Tuesdays With Shmualy: The Chatwood Experience

It was thought, back in those much simpler days of winter, that the Cubs suspected they could unlock something when they signed Tyler Chatwood to a three-year deal. That perhaps with a new voice in his ear, a new park to call home, and a different team behind, him, something would “click,” and they would have unearthed a bargain. Now I begin to wonder if the Cubs front office, always on the cutting edge but always looking out for a good time as well, didn’t seek to prove you can alter the perception of millions simply through one pitcher and no narcotics.

When you first begin watching a Chatwood start, you can’t help but wonder if this wouldn’t be what it was like if Dr. Weird from Aqua Teen Hunger Force had come to life and been signed by a major league team. Every pitch might as well start with this exchange between Chatwood and whoever drew the short straw, is looking forlornly to the heavens for answers that won’t come, and is catching him that day:

Chatwood: “GENTLEMEN! I am throwing…THIS PITCH!”

Catcher: “Uh great, what does it do?

Chatwood: “I DON’T KNOW!

Catcher: “Ok? Where’s it going to go, then?

Chatwood: “I SAID I DON’T KNOW! SQUAT OVER THERE!”

While the game of baseball is filled with strangeness and curiosity at almost every turn, it is centered on the idea that the man in the center of it all, the pitcher, exerts complete control. The game obviously cannot begin or continue unitl the pitcher decrees it so by putting the ball into action. Hence, we put an assumption of certainty, confidence, and authority on the pitcher. We might not know what’s going to happen, and certainly have no control over it, but the conductor in the middle of the diamond at least has a blueprint for where things should go if properly executed. He is the pivot-point, the fulcrum, of it all. And hence he should have a modicum of assurance.

But with Chatwood, we know there is no blueprint. There is no control. Not only do we not know what the next delivery will bring, he does not either. The simplest exchange of the game, pitcher-to-catcher, is no guarantee. Which means this game that had only one axis and questions surrounding it, now only has questions. It can feel if the whole enterprise has become untethered. When the Earth unhinges from its axis some day, we here in Chicago will tell you it’s a familiar feeling. For every fifth day, we have been spinning off into the unknown with nothing to center us.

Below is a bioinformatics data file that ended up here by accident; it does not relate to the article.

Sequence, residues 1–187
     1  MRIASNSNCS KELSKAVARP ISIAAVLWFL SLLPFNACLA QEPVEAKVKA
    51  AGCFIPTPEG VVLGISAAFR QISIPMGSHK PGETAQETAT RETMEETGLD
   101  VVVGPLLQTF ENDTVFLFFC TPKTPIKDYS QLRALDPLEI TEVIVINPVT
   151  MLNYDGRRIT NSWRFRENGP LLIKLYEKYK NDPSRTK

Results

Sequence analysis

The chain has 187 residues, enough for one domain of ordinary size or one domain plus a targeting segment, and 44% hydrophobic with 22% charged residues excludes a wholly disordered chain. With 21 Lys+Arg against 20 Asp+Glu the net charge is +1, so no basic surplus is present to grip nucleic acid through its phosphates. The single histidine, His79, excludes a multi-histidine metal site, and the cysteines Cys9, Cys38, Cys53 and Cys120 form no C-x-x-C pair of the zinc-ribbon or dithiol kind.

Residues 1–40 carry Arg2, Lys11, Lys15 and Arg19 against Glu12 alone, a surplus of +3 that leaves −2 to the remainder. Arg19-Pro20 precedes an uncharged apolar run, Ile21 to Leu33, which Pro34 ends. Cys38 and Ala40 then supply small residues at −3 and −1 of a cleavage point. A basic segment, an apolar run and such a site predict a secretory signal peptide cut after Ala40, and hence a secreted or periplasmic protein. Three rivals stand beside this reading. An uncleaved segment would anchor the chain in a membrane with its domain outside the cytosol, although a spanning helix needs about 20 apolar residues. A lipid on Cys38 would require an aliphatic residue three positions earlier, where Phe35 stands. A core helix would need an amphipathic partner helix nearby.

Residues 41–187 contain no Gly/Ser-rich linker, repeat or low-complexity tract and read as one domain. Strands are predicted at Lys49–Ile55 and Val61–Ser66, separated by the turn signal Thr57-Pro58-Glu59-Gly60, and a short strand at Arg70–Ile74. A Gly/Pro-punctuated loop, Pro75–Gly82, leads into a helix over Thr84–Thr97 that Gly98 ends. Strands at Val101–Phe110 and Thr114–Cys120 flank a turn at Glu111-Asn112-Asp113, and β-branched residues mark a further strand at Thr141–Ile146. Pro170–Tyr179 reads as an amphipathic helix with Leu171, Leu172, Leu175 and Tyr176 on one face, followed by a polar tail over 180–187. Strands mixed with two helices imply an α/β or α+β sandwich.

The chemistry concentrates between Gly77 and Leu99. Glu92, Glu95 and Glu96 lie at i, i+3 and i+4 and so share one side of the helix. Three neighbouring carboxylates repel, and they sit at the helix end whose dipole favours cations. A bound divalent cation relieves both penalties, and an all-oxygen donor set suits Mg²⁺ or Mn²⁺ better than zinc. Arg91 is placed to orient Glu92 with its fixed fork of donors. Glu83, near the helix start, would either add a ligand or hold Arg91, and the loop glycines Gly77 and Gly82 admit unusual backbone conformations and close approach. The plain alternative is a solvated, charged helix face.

And yet with that overwhelming feeling of being unmoored, of floating helplessly from a one point to another and neither can we identify, there is remarkable stillness to it. Because really not much happens. There isn’t much action. We may be hurling through a storm with no instrumentation, but here in the eye all is calm. The fielders look on, surely feeling the volatile nature of the surroundings and yet are never stirred from their position. They are stationary, and yet nothing is where it seems. Is this real? How can it be both at once? The complete lack of control is simultaneously strangely inert.

With Chatwood starts, the other halves of the innings never take as long as when Chatwood is out there, so you look up and there he is again, essentially trying to bottle a noxious gas on the mound. Tyler Chatwood is gaslighting you, the baseball fan. You have always been watching a Chatwood start. Tyler Chatwood has never not been pitching tonight, or this week, or ever. You didn’t ever see anyone else on the mound.

And sometimes it spreads to the other pitcher. Stranded in the dugout for so long, or perhaps the aura never leaves the mound. Was it always this way, they wonder? Do I not have control? Do I not have a concept of what happens here? Am I the beginning and the end as I have been taught my whole life? Or am I just another cog hurling into the abyss with no pull or force? And farther into the cosmos we spin.

And yet, when it’s all over, Chatwood has usually given the Cubs five innings and kept them in it, which is basically all a fifth starter is ever asked to do. That massive journey, the chaos, the perspective-changing questions, the mystery of what it all meant, and yet we end up right where we started, and where we meant to. We have expanded and contracted and ended up where we started. It is the universe in a marble. It is the Chatwood Experience.

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    Will Monty stick in the rotation after all of this?

  • Chatwood may just be a neo-purist pioneer. Rather than joining the verbal narrative against the sad direction of the three-true-outcome/five-inning-start path the game is taking, he's taken it upon himself to show the powers that be the error of their ways. Like Bauer and the alleged pine-tar demonstration, conversation isn't advancing action quickly enough, so he's rubbing all of baseball's noses in reality.

    He still has to face his teammates in the clubhouse, so he's had to compromise in his crusade by eliminating one of those outcomes. By eliminating the HR, he has (perhaps inadvertently) advanced his ultimate mission by showing teams they must be able to hit a ball somewhere besides over the fence to score a run. "I'll walk all you fools and my team is still in the game!".

    March on, my courageous soldier, march on...

  • Brilliant piece. The Yankees had a pitcher in the '60s about like Chatwood - Stan Bahnsen.

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